A new law went into effect on Jan. 1, 2022, that gives Illinois students five mental health days to use throughout the year without a doctor's note. Many colleges and universities in Illinois have also embraced mental health days for students to recalibrate and refresh. It comes after a particularly taxing year (or more) for mental health across the board. COVID isolation and its consequences, volatile and mean politics at home, a ruthless war by Russia in the Ukraine, and now slapping each other at the Academy Awards! My goodness … we all need a break.
This brief message is another plea to step back, take a break, a deep breath, take a run/walk, read a book, meet with friends, laugh or cry, take a day trip or mini-vacation, and don’t be hesitant about seeking a mental health professional for help or just to talk. These are demanding times on everyone’s demeanor and mental states. These circumstances hit closer to home for some more than others when mental stress impacts our family, friends, classmates and neighbors. Get help and encourage others to get help when necessary.
But this message is probably more geared to those of you who are strong, resilient, undeterred and are coping with the environment around you. You are tough, you are a professional, you are steady, you plow through work or study, and maybe you’ve “… been there and done that … before” and you can cope with almost any circumstance. If you are, that’s great. But many of us don’t recognize that despite that persona we give off to others, maybe things aren’t all right. Maybe many of us are bottling it in or are somehow escaping through various extracurricular activities (some good and some bad). More to the point – how will we know?
Thinking in a context close to our college environment here at UIS, these may be some familiar scenarios. Do any fit you or those around you?
- Anne is a straight-A student and involved in every campus activity. You are her roommate and for the past month she seems withdrawn, has been oversleeping, hasn’t dressed like her normal sharp self, and you hear her grades are not doing so well. What do you do?
- Dr. Jones is one of the best professors on campus (engaged, enthusiastic and friendly). For the past month he has missed several classes and meetings in your department. He seems disheveled (more than normal) and in a recent meeting with his colleagues about a new course they are proposing you hear him shout and even tip over a chair on the way out. You’ve never seen this side to him. What’s going on?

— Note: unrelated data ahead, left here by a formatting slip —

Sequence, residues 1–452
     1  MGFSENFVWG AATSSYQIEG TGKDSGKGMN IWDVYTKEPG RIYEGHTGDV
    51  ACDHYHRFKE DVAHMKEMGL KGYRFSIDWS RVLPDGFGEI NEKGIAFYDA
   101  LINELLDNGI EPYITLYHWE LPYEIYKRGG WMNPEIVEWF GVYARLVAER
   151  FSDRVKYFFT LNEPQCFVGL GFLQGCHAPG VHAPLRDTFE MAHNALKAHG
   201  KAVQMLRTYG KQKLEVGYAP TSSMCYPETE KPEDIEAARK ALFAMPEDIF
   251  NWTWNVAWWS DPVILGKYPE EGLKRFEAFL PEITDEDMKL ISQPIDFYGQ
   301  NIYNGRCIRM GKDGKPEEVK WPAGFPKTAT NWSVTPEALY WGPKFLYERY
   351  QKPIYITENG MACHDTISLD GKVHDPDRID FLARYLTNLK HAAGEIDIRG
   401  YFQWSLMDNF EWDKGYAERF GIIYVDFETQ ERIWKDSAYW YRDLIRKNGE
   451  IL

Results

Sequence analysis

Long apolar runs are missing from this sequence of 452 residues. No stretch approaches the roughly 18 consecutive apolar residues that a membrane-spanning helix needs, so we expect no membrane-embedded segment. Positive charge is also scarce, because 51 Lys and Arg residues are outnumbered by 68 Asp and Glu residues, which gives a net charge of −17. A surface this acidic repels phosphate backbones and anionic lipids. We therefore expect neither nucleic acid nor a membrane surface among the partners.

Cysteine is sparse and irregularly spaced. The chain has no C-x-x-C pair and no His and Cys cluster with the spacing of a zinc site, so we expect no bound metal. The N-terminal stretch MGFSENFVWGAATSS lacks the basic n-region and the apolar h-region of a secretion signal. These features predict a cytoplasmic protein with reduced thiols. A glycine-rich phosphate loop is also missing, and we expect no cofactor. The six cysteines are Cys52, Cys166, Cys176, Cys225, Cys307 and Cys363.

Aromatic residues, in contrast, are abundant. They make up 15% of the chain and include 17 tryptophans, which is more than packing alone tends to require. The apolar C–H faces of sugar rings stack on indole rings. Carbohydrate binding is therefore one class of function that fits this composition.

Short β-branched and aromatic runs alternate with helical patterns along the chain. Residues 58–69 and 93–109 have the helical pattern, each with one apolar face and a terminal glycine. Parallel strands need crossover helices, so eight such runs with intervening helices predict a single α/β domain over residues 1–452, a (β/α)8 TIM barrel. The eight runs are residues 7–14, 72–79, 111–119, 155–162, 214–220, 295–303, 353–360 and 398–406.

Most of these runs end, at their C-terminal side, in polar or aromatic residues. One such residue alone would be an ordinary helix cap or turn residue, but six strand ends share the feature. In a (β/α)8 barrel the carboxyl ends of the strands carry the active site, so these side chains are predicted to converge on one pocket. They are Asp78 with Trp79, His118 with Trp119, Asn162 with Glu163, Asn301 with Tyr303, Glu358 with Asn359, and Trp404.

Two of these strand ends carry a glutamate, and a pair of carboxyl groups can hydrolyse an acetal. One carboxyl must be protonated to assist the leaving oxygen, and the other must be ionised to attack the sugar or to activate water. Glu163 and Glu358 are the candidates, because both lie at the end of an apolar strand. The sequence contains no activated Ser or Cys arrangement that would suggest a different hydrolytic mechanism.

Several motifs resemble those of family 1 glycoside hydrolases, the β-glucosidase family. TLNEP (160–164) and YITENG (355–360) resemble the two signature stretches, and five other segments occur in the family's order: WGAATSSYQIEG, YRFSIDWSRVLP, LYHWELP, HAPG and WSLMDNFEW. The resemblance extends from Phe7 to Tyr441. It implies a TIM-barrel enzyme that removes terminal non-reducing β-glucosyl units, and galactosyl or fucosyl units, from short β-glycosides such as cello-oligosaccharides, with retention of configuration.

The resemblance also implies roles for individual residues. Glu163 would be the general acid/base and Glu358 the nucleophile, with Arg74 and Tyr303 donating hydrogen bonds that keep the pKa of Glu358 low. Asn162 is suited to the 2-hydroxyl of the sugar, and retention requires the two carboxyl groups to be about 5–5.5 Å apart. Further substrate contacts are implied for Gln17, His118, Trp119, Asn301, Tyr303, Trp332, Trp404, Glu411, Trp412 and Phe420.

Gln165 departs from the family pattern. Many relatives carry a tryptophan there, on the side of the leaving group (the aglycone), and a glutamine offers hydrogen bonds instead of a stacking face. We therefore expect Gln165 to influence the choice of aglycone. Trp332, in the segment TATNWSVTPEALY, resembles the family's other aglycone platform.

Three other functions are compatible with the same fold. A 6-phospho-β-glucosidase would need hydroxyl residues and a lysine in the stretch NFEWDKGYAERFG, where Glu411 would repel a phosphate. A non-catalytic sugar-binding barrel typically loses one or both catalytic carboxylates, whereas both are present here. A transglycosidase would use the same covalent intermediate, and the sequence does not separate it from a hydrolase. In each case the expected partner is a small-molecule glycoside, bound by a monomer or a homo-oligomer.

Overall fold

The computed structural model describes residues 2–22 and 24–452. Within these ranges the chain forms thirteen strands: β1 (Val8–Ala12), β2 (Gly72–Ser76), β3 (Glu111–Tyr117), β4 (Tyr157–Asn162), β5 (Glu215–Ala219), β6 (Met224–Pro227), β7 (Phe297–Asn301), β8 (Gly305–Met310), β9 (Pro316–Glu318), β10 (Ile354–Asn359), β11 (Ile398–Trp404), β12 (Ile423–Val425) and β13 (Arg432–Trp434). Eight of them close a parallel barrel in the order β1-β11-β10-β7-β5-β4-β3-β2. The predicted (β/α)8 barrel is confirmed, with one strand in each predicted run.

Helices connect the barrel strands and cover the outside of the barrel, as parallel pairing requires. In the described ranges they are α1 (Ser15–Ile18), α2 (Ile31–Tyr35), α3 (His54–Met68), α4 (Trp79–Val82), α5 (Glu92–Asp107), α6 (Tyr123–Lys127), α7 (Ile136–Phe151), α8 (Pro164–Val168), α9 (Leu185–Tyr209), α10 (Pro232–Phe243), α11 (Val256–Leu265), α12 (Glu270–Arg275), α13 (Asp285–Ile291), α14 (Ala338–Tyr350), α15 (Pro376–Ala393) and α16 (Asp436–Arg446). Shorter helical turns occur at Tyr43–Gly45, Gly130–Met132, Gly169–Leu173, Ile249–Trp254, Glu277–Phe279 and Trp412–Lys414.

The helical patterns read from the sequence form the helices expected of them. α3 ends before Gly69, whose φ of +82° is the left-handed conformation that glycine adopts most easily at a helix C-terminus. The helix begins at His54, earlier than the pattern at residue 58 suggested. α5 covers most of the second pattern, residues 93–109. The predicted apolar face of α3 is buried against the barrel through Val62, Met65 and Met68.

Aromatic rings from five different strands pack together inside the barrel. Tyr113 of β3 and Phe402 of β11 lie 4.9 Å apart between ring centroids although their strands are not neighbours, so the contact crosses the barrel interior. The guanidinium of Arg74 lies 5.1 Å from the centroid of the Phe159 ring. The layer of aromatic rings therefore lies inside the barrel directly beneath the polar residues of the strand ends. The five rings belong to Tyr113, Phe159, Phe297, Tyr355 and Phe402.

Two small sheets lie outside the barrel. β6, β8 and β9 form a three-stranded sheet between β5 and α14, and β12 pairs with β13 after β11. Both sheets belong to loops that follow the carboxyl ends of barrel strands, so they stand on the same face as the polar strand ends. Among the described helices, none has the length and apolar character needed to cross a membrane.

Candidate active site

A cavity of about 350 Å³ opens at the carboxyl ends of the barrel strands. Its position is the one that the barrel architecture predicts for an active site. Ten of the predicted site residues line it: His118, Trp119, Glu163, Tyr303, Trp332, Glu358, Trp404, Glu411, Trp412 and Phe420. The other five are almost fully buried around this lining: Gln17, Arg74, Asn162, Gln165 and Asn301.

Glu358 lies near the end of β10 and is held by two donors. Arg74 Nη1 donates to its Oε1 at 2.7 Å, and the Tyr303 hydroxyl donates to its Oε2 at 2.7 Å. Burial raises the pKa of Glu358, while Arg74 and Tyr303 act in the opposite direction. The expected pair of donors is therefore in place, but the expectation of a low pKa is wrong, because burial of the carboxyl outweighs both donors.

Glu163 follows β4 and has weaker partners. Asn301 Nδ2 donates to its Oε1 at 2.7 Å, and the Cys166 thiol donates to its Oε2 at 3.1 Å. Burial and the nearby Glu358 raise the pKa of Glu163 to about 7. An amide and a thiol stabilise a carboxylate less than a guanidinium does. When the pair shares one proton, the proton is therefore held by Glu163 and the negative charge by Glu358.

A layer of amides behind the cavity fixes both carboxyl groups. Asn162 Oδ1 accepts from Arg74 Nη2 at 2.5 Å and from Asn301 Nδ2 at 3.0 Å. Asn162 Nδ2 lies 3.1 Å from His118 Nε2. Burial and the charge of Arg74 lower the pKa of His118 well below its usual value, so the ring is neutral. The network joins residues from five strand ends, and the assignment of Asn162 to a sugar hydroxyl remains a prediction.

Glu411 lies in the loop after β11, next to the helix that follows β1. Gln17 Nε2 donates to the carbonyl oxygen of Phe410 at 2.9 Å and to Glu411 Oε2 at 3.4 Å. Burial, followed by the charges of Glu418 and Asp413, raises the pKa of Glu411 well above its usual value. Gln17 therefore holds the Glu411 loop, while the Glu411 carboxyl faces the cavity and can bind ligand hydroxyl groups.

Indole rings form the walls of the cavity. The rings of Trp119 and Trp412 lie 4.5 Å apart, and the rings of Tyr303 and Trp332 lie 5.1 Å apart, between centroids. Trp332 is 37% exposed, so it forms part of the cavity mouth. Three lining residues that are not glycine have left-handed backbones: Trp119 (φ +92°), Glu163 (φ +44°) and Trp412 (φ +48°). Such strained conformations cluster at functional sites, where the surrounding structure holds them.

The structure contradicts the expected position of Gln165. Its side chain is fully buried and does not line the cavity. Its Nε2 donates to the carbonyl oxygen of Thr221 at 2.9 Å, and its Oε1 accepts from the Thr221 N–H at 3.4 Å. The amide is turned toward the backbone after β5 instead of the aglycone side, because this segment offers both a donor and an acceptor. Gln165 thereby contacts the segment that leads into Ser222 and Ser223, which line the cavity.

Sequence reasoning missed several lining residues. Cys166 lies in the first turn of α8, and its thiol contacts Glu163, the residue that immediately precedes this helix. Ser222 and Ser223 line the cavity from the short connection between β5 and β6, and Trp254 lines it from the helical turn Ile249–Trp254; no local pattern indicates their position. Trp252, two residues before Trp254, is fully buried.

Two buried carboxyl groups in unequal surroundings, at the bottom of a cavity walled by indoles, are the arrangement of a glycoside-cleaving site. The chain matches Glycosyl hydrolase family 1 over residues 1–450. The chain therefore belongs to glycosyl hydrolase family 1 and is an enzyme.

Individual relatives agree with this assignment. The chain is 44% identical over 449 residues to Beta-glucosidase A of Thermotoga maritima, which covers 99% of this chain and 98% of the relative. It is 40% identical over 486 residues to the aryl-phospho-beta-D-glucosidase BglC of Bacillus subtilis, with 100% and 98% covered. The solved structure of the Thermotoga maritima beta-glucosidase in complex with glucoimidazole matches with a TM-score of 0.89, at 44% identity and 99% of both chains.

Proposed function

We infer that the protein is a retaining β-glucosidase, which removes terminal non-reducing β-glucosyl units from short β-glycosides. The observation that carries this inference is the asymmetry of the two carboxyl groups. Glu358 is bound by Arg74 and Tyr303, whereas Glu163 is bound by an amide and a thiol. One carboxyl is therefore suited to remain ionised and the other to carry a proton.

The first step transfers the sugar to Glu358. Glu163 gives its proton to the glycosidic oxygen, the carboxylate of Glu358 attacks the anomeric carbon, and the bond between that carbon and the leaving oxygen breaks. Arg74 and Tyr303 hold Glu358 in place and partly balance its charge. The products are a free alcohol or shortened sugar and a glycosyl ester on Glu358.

- Julia is a top administrator in the college. Life and work have been busy. But she has always taken the high road and is positive and encouraging about her programs and the direction of the college. Over the past semester you have noticed her distant, disengaged, distracted and just “not” her peppy self. Do you say something as a peer?
- Bill is a longtime facilities staff member and for the past year he has been working overtime to prepare classrooms and the campus to be COVID-resistant. One day you hear students murmur about the “condition” of their classroom and later a member of the academic staff asks you a question about the availability of some supplies. The next thing the students and academic staff see is the staff member dropping his equipment in place and storming out of the room (with a slamming door for emphasis). Do you reach out to him? Do you tell anyone?
Let me be the first to admit, I don’t know the exact right thing to do in each of these situations. I know what procedures, protocols and best practices may say. But there may be several right and wrong answers in these situations. And those are best addressed and answered by trained professionals. But it seems to me that recognizing these circumstances is the key. It might start with a “How’s it going,” “Sorry about the other day,” “Is everything OK,” “Do you want a cup of coffee,” or “Have you thought about … ” The university’s Academic, Student Affairs and Human Resources departments have the resources and staff to help in these situations. Reach out to these professionals as necessary.
To close, what if you identify with one of the distressed main characters in these scenarios? Where do you get help, just talk to someone, or know when to take the time to revitalize and recalibrate? I might suggest that a start is to take a mental health day or days. Of course, balancing those days with your obligations as a student, faculty or staff member is warranted. But your mental health during these difficult times matters. This university, our college, schools, administrators, faculty, staff and students recognize the need to take some time for yourself. If you see stress and anxiety or other behaviors in yourself or others, be supportive and care for one another. Think about self-help. Direct individuals to resources if appropriate and most important – maybe utilize those resources yourselves.
And, let me be clear: Yes, I’m a doctor – but not an MD. Please turn to any of these campus resources for help and assistance and for someone to talk with as needed:
The National Suicide Prevention Lifeline is 1-800-273-TALK (8255).
Dr. Robert W. Smith
College of Public Affairs and Administration